Blogs & Videos: Imaging and Scanning

Monsters Storm The Field

Invertebrate paleontologists aren’t afraid of anything, so when Collections Manager Paul Mayer was offered a chance to add hundreds of monsters to The Field’s collections, he jumped at the opportunity. The monsters in question, Tully monsters, are just a small part of the enormous donation of Thomas V. Testa’s collection of Mazon Creek fossils that The Field Museum just received from Field Associate Jack Wittry.  

Field Museum Intern Hannah Ranft takes a stab at revising New Zealand lichens

Macrolichens in the family Lobariaceae are among the most conspicuous and charismatic lichens on the planet, due to their often large, colorful thalli and their ecological importance and potential uses. Many species have cyanobacterial photobionts and are capable of fixing atmospheric nitrogen, hence acting as biological fertilizers. Lobariaceae are also good indicators of environmental health and the conservation status of forest ecosystems. Species such as Lobaria pulmonaria have been used in homoeopathic medicine.

Through thick and thin! Stabilizing the Plaster on Minirdis’ Coffin

After cleaning, the first part of Minirdis’ burial equipment that we treated was his coffin.  The coffin was constructed of wood panels joined with wood dowels. A layer of an orange colored plaster like material had been applied over the wood to fill gaps between the wood panels and provide a smooth surface. On top of the plaster layer, the coffin had been painted black with red and yellow decoration.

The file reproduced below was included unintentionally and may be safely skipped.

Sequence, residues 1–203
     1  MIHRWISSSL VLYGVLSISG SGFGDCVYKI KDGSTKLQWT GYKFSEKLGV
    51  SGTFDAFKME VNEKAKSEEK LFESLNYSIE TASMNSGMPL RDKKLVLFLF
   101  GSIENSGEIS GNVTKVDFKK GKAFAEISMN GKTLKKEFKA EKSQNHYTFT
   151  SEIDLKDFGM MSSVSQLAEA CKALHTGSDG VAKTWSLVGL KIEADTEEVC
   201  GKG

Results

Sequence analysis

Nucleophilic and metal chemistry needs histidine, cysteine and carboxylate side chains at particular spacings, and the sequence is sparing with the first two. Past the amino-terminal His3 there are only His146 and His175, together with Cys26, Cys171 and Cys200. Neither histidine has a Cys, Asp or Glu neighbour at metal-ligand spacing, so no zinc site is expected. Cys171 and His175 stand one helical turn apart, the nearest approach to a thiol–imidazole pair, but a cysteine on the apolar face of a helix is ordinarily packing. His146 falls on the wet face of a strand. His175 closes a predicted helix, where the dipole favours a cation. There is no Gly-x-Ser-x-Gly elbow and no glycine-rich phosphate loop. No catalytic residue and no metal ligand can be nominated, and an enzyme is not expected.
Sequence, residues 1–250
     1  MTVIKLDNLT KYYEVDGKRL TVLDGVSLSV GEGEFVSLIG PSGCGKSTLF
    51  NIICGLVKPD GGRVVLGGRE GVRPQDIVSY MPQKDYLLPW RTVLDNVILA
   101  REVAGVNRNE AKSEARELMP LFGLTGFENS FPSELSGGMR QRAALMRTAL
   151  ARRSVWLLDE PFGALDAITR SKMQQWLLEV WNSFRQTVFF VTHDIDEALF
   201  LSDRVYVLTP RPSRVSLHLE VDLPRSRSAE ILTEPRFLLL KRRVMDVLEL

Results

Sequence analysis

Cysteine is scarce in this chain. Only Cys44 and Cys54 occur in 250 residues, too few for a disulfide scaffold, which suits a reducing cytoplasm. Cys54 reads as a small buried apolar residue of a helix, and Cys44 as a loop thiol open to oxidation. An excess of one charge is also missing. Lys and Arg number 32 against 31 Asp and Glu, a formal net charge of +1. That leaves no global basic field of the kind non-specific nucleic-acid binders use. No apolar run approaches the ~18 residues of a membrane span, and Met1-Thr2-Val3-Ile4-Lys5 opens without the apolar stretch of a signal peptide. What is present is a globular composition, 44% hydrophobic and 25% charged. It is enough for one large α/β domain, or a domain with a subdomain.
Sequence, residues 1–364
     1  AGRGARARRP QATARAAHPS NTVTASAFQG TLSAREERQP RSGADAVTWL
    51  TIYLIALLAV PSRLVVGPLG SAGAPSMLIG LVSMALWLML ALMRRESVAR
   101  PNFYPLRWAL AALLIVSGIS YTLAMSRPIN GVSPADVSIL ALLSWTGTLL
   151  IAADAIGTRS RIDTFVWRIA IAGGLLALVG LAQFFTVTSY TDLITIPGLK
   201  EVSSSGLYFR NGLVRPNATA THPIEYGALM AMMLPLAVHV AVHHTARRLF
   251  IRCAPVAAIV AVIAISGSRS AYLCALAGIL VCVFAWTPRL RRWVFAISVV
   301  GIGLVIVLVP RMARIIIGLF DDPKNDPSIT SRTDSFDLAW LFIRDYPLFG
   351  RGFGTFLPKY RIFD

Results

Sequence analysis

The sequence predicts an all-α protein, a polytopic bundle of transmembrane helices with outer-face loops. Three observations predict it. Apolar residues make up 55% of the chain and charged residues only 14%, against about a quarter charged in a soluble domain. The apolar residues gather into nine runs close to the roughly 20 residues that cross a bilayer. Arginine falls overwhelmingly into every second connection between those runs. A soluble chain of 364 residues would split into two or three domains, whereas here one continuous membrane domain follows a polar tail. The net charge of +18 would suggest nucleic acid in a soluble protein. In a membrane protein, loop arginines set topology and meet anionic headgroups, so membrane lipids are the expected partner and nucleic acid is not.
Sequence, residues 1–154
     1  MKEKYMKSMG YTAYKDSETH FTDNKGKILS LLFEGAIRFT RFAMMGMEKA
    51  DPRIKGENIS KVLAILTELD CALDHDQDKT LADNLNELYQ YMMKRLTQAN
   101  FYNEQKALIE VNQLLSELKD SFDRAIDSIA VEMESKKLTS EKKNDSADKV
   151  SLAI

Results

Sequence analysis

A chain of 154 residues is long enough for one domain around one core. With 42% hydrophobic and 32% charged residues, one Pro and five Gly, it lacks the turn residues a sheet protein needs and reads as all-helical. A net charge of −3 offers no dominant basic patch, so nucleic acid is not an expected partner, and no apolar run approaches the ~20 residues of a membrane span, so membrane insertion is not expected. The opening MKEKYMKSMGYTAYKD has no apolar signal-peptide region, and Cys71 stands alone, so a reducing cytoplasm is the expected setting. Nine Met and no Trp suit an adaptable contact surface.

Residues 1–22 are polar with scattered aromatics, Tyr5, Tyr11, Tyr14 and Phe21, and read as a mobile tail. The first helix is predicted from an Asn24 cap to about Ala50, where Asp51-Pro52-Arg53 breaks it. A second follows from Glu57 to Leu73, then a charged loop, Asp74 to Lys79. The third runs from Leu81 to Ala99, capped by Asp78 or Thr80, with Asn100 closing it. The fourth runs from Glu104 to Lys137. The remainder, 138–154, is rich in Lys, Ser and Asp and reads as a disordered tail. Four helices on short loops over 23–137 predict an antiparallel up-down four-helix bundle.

Field Museum Women in Science (FMWIS) Internships 2014 -- Hannah Davis

Learn more about FMWIS intern Hannah Davis, and project, "Walking Lichens" and her main supervisors were Jim Boone and Robert Luecking, with subsequent supervisors being Allie Stone and Kelsey Keaton. She mainly worked in the Insect Collection, which holds over four-and-a-half million specimens. Hannah sifted through drawers of Praying Mantids, Katydids, Grasshoppers, Treehoppers, Walking Sticks, and Moths, looking for species which mimicked lichen. Her "mini-collection" consisted of 106 specimens belonging to 88 unique species. 

A Summer Fling

Medieval weaponry and youth outreach don’t often appear in the same sentence, much less the same room. Fortunately, thanks to a recent partnership between the Exhibitions Shop and the Digital Media Learning Program, area high schoolers had a chance to design and build their own catapults! Together, they applied many of the same techniques used for the Biomechanics show to realize their own innovations.

Mummies and Cheetahs, in 3D!

Contrary to the image of mummies portrayed by the popular Scooby-Doo cartoon, mummies are not monsters, capable of smashing through walls; in fact, most mummies are too fragile even to stand on end. Egyptian mummies are embalmed lying on their back, and so fit easily into a medical CT scanner, which looks a bit like a spaceship with a table for the patient that slides through a hole in the middle of the machine. Peruvian mummies are a different story, though, since they were buried crouching – the larger examples won’t fit through the hole.

The Future of DNA Investigations at The Field Museum

  The glass windows that enclose The Field Museum’s Pritzker Laboratory on the second floor of the museum give visitors a glimpse into the daily lives of the scientists, students, and interns that work there.  Now, visitors can also get a glimpse of the future – a new DNA sequencer has arrived, and its users are busy enjoying its capabilities!

2014 REU Intern Anne Gibbons

Hairy legs in the Nursery

ANNE GIBBONS Junior Environmental Studies major at University of Michigan - Ann Arbor REU Mentors: Dr. Petra Sierwald (Curator, Arachnida and Myriapoda, S&E) and Dr. Estevam da Silva (Postdoctoral Researcher, Arachnida and Myriapoda, S&E) Symposium Presentation Title: Fishing around the world: spiders of the genus Dolomedes